You are at increased risk of developing alcohol addiction if you have a close family member with an addiction, such as a parent or sibling. Research suggests that there are significant genetic factors and hereditary elements of alcohol addiction. It might also be down to environmental influences and the result of witnessing heavy drinking in the home, potentially from a very young age, which may have normalised this behaviour for you. It might also be that these nature and nurture elements both have an impact on the likelihood of you developing an addiction.
Stressful life events have also been linked to someone developing an alcohol addiction. Examples might include going through a bereavement, losing your job, experiencing a traumatic event or struggling with financial problems. The stress and trauma that surround these types of events may lead you to try to self-medicate with alcohol, which can lead you to develop a harmful addiction. These alcohol statistics also show that 60% of people in alcohol treatment also need mental health treatment for co-ocurring conditions.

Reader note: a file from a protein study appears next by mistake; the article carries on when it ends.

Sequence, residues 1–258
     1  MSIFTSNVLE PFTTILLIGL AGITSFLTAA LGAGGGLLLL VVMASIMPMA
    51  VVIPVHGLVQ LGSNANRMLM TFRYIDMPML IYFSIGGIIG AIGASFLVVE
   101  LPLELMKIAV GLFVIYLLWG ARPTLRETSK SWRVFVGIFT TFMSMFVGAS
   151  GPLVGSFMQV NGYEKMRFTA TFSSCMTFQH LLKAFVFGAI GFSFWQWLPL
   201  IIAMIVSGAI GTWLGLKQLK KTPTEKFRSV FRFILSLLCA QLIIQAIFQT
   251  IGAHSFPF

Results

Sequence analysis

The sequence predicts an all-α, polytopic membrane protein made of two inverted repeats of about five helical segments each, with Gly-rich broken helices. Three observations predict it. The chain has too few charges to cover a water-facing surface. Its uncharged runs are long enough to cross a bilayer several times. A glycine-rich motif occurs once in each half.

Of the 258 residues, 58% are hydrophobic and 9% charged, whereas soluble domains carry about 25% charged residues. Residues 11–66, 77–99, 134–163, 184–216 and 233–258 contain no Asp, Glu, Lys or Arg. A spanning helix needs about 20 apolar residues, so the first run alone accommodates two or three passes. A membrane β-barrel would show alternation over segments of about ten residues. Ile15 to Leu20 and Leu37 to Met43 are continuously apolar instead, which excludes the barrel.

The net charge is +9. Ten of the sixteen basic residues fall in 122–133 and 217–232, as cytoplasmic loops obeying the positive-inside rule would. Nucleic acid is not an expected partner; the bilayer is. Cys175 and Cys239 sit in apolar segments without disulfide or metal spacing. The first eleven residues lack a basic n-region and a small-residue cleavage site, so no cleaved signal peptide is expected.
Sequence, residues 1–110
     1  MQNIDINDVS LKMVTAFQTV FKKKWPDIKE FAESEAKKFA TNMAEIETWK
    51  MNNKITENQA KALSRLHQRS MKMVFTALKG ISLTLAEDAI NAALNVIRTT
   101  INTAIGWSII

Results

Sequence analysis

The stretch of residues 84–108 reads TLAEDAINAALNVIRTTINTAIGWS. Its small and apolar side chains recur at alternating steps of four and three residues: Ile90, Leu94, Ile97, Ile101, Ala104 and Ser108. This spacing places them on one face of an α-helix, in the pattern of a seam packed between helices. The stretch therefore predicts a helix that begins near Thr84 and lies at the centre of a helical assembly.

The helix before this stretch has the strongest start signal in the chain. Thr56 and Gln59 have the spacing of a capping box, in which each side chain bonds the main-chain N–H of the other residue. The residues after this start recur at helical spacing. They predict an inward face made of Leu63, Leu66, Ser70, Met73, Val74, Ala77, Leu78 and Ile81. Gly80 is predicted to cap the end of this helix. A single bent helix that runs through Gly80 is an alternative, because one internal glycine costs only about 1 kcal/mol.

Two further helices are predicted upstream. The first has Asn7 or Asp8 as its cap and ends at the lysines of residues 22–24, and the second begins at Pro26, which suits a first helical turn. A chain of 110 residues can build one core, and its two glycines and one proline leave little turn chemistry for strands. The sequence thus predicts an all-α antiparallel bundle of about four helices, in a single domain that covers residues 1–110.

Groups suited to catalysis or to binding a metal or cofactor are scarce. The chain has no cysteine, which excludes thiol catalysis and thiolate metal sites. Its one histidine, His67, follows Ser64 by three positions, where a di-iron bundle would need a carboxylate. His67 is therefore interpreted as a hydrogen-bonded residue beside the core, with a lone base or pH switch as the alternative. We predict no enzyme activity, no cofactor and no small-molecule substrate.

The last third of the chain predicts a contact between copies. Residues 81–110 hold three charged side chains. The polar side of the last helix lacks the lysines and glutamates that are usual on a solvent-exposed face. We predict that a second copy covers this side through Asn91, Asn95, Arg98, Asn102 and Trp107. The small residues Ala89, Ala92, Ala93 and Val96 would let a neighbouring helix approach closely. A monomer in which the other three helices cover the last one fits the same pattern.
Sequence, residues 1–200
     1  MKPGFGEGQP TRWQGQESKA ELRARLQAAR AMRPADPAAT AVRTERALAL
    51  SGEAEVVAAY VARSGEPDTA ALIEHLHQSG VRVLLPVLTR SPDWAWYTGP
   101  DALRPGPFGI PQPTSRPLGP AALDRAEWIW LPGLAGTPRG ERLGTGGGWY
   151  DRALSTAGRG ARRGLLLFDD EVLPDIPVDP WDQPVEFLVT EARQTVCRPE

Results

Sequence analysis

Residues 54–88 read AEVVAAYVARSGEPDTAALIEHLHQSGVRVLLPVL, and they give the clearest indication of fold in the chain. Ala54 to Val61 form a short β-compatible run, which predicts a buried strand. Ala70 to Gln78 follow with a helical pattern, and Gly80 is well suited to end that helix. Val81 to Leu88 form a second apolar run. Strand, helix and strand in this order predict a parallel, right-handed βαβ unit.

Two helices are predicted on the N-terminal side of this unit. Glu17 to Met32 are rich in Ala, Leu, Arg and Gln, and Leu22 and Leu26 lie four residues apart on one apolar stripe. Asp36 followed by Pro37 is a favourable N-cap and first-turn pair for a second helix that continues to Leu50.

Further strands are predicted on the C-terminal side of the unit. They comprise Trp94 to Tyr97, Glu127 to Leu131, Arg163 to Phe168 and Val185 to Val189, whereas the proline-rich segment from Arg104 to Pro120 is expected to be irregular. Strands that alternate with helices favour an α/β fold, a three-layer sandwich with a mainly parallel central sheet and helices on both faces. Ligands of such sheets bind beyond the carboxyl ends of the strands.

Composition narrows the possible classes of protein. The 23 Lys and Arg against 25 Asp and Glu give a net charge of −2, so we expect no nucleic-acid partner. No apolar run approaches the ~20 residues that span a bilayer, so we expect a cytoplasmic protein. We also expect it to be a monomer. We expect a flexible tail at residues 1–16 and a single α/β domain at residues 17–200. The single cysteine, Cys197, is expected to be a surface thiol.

Experiencing abuse and/or neglect in childhood
Experiencing abuse or neglect, especially if this happened when you were a child, can also increase your risk of developing alcoholism in later life. This may be due to the fact that you weren’t able to develop healthy coping mechanisms as a result of the abuse and/or neglect you suffered, which means you may turn to drink and drugs to help you cope with life.
There are a number of social factors that may also contribute to the chances of you becoming an alcoholic. These can include things like your culture, religion, work and your current life stage. For example, if you’ve recently started university, your drinking may have increased due to the ‘culture’ around student drinking, fresher’s week and wanting to make friends.